The union president’s statement comes in the wake of a policy statement issued by Firestone Liberia, stating that it will cut its workforce by 13%, which will affect about 800 of its current employees by the second quarter of 2019. “Headcount reductions will take place throughout the company’s operations and will include retirements, discontinuation of certain work contracts, and redundancies,” the Firestone Liberia statement said.
The statement further stated that its action was necessary due to continued and unsustainable losses resulting from the high overhead cost associated with the company’s concession agreement with the Liberian government, low natural rubber production because of the country’s prolonged civil war and continued low natural rubber prices. The company, however, said these measures alone will not be enough to restore profitability and, as a result, the company will continue to evaluate all aspects of its businesses to ensure a long- term competitiveness and determine the best allocation of its resources to optimize its portfolio, processes, and culture.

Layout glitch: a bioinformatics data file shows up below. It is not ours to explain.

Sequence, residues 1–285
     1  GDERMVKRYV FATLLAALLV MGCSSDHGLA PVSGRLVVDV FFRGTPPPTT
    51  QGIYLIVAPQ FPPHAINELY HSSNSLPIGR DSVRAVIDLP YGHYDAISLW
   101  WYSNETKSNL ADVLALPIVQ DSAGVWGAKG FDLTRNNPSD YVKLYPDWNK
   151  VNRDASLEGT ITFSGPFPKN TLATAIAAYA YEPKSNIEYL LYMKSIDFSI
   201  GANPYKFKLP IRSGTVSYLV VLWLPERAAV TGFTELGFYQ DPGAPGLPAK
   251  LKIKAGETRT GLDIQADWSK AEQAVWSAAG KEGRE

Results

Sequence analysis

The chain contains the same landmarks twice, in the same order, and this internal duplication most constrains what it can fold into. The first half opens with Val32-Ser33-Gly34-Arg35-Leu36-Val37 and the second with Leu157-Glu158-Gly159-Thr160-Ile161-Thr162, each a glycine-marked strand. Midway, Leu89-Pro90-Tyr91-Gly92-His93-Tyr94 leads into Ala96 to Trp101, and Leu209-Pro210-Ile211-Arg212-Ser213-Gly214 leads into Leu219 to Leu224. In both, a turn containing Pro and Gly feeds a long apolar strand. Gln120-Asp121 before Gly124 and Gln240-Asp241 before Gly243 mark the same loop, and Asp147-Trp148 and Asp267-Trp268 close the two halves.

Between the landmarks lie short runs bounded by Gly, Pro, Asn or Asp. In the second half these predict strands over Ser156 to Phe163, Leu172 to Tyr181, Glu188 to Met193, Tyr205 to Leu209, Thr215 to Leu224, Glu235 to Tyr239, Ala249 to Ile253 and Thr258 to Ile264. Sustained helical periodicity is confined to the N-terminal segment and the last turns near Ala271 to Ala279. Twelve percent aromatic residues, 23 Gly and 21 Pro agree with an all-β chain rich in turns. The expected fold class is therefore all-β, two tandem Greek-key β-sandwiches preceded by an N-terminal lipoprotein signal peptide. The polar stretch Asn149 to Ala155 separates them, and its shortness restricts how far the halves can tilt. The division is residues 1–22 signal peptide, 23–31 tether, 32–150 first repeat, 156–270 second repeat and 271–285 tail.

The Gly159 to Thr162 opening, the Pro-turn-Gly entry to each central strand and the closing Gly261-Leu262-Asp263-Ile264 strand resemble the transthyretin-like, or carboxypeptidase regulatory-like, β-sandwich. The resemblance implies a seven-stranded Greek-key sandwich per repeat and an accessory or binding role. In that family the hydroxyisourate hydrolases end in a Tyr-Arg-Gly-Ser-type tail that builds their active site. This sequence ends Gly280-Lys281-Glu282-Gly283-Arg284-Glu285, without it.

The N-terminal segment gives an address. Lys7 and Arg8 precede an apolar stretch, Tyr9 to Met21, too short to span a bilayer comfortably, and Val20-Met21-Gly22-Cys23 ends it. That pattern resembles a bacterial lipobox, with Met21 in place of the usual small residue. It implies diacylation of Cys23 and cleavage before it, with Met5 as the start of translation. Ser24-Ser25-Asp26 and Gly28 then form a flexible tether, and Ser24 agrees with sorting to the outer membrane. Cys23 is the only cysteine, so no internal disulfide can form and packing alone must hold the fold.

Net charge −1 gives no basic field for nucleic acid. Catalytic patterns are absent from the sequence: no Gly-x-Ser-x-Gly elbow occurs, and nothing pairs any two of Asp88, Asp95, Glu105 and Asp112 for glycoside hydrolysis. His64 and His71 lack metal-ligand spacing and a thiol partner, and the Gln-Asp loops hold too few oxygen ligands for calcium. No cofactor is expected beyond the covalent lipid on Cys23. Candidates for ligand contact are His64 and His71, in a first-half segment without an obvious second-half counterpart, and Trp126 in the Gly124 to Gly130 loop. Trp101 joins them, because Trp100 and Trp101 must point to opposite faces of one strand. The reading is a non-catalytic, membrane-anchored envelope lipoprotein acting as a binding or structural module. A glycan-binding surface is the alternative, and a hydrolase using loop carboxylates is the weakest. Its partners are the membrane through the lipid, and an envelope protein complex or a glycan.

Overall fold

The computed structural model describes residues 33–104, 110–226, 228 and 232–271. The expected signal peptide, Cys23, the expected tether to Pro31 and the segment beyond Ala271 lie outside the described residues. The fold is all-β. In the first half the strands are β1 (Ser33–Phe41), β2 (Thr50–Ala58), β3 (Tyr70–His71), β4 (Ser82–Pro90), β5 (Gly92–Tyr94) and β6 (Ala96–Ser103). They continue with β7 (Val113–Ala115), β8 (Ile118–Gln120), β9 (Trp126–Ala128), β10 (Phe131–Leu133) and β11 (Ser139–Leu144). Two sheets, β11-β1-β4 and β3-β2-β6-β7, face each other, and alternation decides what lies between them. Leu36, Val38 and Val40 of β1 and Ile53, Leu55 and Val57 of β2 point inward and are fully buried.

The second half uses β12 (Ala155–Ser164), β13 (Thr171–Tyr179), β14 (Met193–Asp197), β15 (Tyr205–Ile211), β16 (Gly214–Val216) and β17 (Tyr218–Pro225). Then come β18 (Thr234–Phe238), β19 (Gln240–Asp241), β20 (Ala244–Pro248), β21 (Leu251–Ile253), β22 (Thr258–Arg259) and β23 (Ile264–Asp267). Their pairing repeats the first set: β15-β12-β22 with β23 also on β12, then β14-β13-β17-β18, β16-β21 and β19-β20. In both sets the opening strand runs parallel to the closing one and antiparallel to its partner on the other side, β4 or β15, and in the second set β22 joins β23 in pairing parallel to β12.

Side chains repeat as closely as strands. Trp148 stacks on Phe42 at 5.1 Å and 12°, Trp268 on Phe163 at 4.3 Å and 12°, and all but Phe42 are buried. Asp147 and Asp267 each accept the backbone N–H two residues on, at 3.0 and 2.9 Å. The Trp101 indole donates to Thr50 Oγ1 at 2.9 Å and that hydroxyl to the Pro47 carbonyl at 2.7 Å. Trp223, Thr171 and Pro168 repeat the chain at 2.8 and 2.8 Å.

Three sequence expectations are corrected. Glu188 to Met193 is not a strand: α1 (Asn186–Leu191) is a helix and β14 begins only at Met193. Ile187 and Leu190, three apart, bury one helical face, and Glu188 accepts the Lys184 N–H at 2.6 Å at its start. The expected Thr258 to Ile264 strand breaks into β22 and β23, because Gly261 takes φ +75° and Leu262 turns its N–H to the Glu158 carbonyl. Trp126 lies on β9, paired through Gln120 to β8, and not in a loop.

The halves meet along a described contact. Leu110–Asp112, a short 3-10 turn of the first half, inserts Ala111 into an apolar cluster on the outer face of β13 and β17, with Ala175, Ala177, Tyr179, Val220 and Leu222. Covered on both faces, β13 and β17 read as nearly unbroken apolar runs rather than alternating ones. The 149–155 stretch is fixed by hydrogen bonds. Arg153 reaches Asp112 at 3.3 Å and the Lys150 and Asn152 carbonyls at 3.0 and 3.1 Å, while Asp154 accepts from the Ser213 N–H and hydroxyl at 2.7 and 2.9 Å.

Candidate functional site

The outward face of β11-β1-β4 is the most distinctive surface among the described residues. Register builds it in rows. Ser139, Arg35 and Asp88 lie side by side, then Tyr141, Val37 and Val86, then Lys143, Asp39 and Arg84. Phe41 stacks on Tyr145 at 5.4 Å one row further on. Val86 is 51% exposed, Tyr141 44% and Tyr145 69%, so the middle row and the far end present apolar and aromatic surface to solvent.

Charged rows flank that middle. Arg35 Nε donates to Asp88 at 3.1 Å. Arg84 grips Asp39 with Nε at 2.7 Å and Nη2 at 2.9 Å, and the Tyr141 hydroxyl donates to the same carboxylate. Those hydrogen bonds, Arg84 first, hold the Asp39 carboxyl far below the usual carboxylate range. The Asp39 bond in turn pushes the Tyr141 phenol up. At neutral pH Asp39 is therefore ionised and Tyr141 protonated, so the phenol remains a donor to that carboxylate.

However, Nimene said such a decision is counterproductive to the current state of the economy which creates more difficulties for Liberians and has urged the Liberian government to do the needful thing by swiftly acting to avert the situation. “We currently have a total membership of over ten thousand and the Firestone workforce is our local number one in our structure of the Agriculture, Agro-Processing and Industrial Workers Union of Liberia,” he said.